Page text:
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Motor neuron disease (MND) is characterised by progressive neurological deterioration and coexistence of upper and lower motor neuron signs. Over the past decade, evidence has emerged of unique pathophysiological processes, including glutamate-mediated excitotoxicity, which has resulted in the development of novel diagnostic investigations and uncovered potential therapeutic targets. Advances in genetics, including the recently discovered C9orf72 gene, have radically changed the pathological mindset, from MND being classified as a neuromuscular disease to one that MND forms a continuum with other primary neurodegenerative disorders, including frontotemporal dementia. The present review will highlight the improvements that have occurred in clinical care, in conjunction with recent scientific developments.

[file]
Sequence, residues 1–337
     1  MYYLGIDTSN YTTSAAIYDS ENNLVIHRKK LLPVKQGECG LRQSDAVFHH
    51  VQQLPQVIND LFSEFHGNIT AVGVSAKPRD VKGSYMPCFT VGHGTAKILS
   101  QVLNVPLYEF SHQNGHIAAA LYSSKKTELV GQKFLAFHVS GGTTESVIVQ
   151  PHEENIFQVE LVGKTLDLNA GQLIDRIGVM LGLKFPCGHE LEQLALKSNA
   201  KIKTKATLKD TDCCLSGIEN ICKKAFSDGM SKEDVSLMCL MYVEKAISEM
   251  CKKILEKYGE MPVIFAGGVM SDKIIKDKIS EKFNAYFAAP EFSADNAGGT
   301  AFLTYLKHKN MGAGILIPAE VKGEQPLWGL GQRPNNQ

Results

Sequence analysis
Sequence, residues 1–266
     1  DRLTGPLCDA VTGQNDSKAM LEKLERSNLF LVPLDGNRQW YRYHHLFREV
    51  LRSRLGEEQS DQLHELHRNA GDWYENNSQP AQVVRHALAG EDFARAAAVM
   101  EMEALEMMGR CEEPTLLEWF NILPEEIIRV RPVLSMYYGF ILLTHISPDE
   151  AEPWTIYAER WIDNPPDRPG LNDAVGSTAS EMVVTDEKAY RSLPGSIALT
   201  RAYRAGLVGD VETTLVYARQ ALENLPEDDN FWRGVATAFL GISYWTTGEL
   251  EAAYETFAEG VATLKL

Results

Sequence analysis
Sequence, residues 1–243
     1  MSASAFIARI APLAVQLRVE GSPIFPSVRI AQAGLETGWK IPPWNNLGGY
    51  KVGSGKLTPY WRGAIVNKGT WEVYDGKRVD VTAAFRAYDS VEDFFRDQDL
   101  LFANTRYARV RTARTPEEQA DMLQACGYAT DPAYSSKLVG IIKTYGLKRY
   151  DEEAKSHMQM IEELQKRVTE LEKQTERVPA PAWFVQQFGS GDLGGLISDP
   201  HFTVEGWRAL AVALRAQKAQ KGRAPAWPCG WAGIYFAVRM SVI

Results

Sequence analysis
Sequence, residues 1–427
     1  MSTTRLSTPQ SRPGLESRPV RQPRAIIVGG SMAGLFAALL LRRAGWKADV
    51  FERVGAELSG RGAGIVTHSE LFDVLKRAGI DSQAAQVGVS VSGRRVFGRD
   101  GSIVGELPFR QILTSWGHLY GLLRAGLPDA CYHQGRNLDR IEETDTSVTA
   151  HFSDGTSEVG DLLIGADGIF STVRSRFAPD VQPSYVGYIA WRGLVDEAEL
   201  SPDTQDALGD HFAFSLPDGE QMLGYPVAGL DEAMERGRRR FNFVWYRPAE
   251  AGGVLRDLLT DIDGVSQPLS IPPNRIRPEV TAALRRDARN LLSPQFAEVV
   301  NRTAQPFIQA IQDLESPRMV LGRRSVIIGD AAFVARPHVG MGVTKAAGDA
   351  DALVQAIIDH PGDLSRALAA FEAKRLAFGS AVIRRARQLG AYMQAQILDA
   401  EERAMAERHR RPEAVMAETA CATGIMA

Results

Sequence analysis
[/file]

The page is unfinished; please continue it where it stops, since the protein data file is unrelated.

Original publication




Journal article


Intern Med J

Publication Date





1005 - 1013


amyotrophic lateral sclerosis, biomarker, clinical trial, motor neuron disease, pathophysiology, treatment, Biomarkers, Clinical Trials as Topic, Disease Progression, Exercise, Humans, Motor Neuron Disease, Nutritional Support, Proteins